PN: The space station is now in its complete assembly stage. All the planned modules are up there. For years they camped on the station, but now we have what they call crew quarters. These are telephone booth-sized spaces that have your sleeping bag, computer, personal stuff on the wall and changes of clothes, etc. You can close the door and it’s pretty private and dark. Your turn the lights off and you’re isolated and insulated; you can’t hear people outside. For a personal space it’s quite convenient. You try to use it on the ground though and, oh my God, you never think you’ll be able to sleep there because it’s vertical and narrow. In zero-gravity though it becomes very comfortable. We do have a facility, which technically is called the Waste Hygiene Compartment. It’s another telephone booth-sized place that can be closed. Inside there is your toilet, and you can take your clothes off and wash in a bit more comfort. We usually do wash ourselves in a piecemeal fashion here and there or just use a towel. If you want to take a shower, you go into this booth. We like to use this Russian towel, which is very thin and impregnated with soapy disinfectant liquid, and you wrap this towel over your body. It’s pretty nice and you feel pretty clean when you do this. For washing your hair we have some rinseless shampoo; you put three or four teaspoons of water in your hair, wrap it through and then dry up with a towel and then that’s it.

We don’t wash clothes up there; you just tend to sort of use the same clothes over and over. They don’t get dirty because it’s so clean up there. On Earth you go out and you’ll get dust or grease all over them, but in space only bits of food might get on them. They don’t particularly smell bad until a few months of use. In six months I used only three pairs of trousers and I started with only four shirts. When they told me that’s all I’d get for six months I couldn’t believe it, but it was fine. When you do physical fitness you use a special shirt to collect sweat. You use it and then hang it to dry somewhere. We use this same shirt for a month and it’s fine.

On the station it’s all pretty clean, but sometimes there’s a smell and we cannot open a window to get some ‘fresh air’. Instead, the air is changed by the turnover systems and it’s continuously circulated, filtered and cleaned, the humidity is removed, and some of the toxic things are removed. It’s pretty clean. There were cases that the carbon dioxide equipment was purposefully kept at a low rate, and then you feel a little bit of space dust, but normally we feel very clean.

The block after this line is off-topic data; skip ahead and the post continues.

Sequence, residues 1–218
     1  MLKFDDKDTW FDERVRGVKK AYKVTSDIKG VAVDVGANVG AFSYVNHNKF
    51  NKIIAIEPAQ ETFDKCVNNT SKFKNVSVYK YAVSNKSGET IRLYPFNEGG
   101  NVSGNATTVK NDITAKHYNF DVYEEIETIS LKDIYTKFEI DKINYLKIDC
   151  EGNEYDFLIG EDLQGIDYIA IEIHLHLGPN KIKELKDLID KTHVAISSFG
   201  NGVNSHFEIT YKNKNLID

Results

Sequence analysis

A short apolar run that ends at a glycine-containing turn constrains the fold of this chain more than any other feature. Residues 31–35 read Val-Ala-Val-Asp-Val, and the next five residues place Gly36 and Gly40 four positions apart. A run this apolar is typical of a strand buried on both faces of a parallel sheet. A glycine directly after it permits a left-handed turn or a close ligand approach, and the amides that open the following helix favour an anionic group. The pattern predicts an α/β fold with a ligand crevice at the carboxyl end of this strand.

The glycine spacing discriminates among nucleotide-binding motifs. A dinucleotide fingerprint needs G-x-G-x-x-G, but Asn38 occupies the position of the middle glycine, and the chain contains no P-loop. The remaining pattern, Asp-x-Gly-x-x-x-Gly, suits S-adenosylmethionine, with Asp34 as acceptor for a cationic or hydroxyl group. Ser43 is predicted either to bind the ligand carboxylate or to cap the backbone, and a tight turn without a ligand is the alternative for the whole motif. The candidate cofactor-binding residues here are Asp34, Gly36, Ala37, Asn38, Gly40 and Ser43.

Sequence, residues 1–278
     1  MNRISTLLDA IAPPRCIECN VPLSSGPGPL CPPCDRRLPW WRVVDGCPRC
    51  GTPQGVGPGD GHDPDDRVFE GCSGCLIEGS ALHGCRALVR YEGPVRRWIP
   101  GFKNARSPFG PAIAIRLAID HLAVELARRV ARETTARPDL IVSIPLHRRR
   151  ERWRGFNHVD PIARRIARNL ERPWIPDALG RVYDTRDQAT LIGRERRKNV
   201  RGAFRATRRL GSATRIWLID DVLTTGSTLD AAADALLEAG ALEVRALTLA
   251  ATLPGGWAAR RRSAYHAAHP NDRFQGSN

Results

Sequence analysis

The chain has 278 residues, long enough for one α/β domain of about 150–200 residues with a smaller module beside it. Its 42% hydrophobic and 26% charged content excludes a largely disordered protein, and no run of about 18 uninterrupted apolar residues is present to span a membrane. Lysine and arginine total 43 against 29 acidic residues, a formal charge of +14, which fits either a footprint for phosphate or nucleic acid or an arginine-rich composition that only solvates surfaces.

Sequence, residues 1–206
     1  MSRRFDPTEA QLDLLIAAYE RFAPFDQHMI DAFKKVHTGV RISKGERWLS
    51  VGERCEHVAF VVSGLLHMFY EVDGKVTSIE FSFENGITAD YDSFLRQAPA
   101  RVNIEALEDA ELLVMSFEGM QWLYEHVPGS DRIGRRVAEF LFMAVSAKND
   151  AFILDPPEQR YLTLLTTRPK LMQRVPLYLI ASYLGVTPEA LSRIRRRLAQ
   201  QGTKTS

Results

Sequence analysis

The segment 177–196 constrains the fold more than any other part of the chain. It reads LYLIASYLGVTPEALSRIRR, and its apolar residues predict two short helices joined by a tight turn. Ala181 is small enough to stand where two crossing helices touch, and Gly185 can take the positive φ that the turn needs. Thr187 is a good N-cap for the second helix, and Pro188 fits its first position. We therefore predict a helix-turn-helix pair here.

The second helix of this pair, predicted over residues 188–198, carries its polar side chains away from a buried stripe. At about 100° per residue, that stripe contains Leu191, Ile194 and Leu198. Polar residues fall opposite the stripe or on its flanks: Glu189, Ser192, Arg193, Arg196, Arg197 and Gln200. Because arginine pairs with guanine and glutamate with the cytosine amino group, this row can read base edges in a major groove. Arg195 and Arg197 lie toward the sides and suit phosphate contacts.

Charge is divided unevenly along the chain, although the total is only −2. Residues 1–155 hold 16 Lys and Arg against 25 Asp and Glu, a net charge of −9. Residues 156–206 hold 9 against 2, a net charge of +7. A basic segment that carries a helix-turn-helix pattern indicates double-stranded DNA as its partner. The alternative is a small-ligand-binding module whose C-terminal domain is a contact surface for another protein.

HIW: What was it like being the only person in history to see the Space Shuttle attached to the ISS?

PN: Well you know, I never thought ‘Wow, I’m the only person to see this with my own eyes, I’m the one taking the pictures that will be in the history books’. If I thought all this I would get scared, so I didn’t. The manoeuvre to take the pictures was not an easy one. It had some risks and there had been discussions forever between NASA and the Russians about this, because they were supposed to do it on the previous Shuttle mission but it was voted down; the Russians didn’t let them because of the risks.

I was really concerned when I unstrapped from my seat and flew over the commander, who was manually piloting. There’s not much space in the Soyuz, so everyone was worried I would knock some of the controls and send the Soyuz spinning out of the sky. Then we had to open the hatch, which was already sealed – also something that is usually a big ‘no’. If you have closed and sealed it you don’t want to go and break the seal, but we had to. Eventually I’m up there, I’m looking outside and seeing this magnificent view, and it was astonishing. I found myself staring at it for 15 seconds, and then I had to snap myself out of it. ‘You are here to take pictures,’ I thought. ‘You better take some or you will really become famous!’ I grabbed the camera and started snapping pictures, trying to be attentive. I thought there was some reflection from the window and I saw some smudges, so I was thinking ‘Wow, I hope these are coming out!’. In the end I took about 200 pictures and several minutes of video.

Paolo took this historic and iconic photo of Space Shuttle Endeavour docked to the ISS from Soyuz TMA-20 on 23 May 2011. It was the only time NASA's Space Shuttle had ever been pictured attached to the ISS.

It was funny because when we landed the camera was left in the module to burn up in the atmosphere. We only brought back the memory cards. When we landed the Russians requested me to surrender the memory cards to the commander of the Russian spacecraft, and he was instructed to leave them in the capsule. I didn’t understand why they did this, because I wanted to see them immediately, but by doing this they were closed up in the capsule which was being transported from Kazakhstan so Moscow. It took some time to get them; there’s a big committee that sits down in Moscow and opens the hatch and pulls out things. In the past things have disappeared and broken, so a big committee pulls out everything and classifies everything that’s supposed to be there, things astronauts brought back. They checked, marked, verified and certified everything, but when this was all done, more than 15 days after landing I was scared; I was thinking the reason they are not releasing is because they have screwed up and lost them, but then they came out and it was fine. Phew!

HIW: Will you, or would you like to, go into space again?

PN: Well, if I had a choice, I would love to go up for another mission. I feel now that I know what’s going on up there, so I would love to do things differently, pace myself better, and enjoy things a bit more. The reality is that flight opportunities are scarce – even more so for Europeans – and we have young astronauts that have never flown, so it’s kind of a situation where many things go into the decision process. At this point I would like to go up again and I’m ready if that were to be the case, but if not I have been to space and I have been so lucky to realise a dream I’ve had since I was a kid, and I’m very grateful for that.

All images courtesy of NASA/ESA